PALM SPRINGS — Art is a centerpiece of the community whether on the famed Palm Canyon Drive or an empty lot.
With that in mind, the Palm Springs Public Arts Commission will kick off its 30th Anniversary Celebration, titled “Art is Here,” with two events on Thursday, Oct. 11 and Sunday, Oct. 14, beginning a year of highlighting the city’s incredible collection of public paintings, sculptures and more.
The fun kicks off at 6 p.m. on Thursday, Oct. 11, during “Free Thursday” night admission at the Palm Springs Art Museum, when the Public Arts Commission will unveil an interactive felt map, called the “Felt Eye View of Palm Springs,” created by local artist Sarah Scheideman, from a concept by Commissioner Tracy Merrigan.
The map displays the array of wonderfully diverse public sculptures and more installed throughout the city and invites visitors to “Imagine Art Here” with new sites and installations for the future. The map will be on display at the museum through Oct. 14.
On Sunday, Oct. 14, the Public Arts Commission welcomes the entire Coachella Valley to the “Art is Here Block Party,” from 10 a.m. to 2 p.m. along Museum Way in the newly redeveloped Downtown Project.
The free event will feature music, food trucks and a host of fun interactive activities for people of all ages, organized by the Coachella Valley Art Scene. Activities will include:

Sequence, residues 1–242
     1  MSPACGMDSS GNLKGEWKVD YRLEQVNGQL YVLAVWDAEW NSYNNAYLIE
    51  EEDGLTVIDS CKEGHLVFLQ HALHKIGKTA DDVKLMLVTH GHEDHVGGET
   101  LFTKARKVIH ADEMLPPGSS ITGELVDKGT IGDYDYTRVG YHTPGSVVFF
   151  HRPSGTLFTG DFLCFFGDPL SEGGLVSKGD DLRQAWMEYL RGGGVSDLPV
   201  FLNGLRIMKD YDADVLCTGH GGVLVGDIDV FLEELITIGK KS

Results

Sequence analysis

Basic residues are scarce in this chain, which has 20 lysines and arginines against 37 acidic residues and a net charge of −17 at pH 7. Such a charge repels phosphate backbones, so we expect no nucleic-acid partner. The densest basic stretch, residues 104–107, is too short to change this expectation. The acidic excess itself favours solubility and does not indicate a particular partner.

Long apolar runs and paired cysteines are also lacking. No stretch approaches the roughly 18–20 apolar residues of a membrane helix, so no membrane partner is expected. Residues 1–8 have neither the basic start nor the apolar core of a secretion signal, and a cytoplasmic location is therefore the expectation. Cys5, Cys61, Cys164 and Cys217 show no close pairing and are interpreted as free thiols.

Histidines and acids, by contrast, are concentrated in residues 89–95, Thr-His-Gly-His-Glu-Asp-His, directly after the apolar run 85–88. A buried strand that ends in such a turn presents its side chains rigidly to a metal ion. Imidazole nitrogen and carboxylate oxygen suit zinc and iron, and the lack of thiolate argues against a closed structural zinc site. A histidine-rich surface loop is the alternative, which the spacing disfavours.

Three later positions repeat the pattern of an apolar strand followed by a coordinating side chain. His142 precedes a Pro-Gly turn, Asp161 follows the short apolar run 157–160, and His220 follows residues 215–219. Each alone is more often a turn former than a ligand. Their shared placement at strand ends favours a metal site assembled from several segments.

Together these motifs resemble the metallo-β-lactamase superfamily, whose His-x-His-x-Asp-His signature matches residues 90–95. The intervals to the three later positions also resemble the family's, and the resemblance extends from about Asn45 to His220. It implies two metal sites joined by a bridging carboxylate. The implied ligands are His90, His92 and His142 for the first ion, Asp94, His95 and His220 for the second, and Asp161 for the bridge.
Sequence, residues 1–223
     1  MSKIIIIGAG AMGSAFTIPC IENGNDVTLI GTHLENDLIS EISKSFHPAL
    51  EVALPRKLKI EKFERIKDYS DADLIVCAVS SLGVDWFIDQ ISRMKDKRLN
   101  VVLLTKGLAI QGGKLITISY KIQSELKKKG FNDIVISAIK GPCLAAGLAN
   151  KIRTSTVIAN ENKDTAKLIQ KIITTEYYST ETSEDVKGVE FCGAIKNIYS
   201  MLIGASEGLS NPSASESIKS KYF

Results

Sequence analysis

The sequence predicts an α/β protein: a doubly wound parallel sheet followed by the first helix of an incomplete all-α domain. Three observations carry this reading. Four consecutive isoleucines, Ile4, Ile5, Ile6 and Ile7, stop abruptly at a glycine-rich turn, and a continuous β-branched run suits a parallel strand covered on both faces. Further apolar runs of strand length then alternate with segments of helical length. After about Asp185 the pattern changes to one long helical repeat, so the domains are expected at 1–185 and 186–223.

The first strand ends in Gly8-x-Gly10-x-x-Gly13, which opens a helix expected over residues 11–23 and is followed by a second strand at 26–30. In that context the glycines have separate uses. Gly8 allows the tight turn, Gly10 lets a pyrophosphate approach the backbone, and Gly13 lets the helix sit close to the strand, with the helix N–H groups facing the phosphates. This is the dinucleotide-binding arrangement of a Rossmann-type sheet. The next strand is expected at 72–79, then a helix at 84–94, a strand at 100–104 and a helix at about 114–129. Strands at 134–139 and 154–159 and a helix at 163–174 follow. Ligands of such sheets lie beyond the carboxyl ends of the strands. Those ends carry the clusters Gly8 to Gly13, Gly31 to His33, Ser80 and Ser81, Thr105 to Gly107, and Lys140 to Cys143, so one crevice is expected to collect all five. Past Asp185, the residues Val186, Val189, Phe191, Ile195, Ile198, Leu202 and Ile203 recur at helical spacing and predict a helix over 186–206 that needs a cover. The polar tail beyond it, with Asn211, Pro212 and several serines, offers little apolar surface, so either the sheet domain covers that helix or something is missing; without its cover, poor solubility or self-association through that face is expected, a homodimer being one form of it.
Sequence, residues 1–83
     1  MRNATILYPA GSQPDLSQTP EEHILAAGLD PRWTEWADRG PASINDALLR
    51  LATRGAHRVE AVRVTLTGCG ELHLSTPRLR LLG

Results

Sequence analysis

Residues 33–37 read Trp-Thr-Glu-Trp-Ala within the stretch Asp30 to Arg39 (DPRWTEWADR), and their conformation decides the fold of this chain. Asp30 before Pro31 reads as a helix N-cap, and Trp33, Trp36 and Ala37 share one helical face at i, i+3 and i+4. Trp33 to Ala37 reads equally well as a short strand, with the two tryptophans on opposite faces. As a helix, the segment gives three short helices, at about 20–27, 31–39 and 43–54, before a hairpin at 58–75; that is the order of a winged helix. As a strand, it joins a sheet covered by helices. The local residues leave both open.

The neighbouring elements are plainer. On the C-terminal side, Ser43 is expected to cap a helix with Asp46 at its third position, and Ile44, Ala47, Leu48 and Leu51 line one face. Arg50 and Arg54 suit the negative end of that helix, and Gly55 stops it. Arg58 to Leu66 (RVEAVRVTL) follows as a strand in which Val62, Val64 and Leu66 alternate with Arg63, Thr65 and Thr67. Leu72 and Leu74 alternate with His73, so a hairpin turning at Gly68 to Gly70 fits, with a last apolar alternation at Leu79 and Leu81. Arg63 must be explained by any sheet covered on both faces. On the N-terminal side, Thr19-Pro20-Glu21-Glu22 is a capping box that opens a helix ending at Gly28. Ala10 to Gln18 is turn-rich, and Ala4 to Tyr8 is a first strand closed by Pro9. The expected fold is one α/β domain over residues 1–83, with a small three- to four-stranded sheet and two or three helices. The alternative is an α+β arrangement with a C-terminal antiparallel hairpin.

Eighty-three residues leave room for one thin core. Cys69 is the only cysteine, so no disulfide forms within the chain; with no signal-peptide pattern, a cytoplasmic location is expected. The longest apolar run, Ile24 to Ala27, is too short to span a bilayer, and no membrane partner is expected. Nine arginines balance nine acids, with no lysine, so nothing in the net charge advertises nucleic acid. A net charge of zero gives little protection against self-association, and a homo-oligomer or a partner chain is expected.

- Felt art projects
- Art activations
- Live screen printing
- A chance to participate in creating public art
With the recent arrival of German artist Julian Voss-Andreae’s stunning sculpture “Isabelle” and the installation of Czech artist David Cerny’s much talked about “Babies” in the downtown project, public artwork has played a tremendous role in the revitalization of downtown Palm Springs.
“Great public art sparks conversation and helps create landmark meeting focal points throughout cities for residents and visitors to congregate and enjoy,” according to Public Arts Chairwoman Ann Sheffer, who notes over the past 30 years, the Commission has installed an array of spectacular
public artwork in neighborhoods and public facilities throughout the city. “Art is here and it is truly everywhere in Palm Springs,” Sheffer said in a prepared statement.
As we celebrate 30 years of public artwork and imagine the future, the Public Arts Commission would like to welcome the entire Coachella Valley to join the panel in downtown this October.
The Public Arts Commission was created in 1988 by the City Council to help add to the economic viability of the community and enhance the unique character of Palm Springs through the selection, presentation and support of quality works.
The Commission is responsible for creating and maintaining more than 80 installations and murals throughout Palm Springs.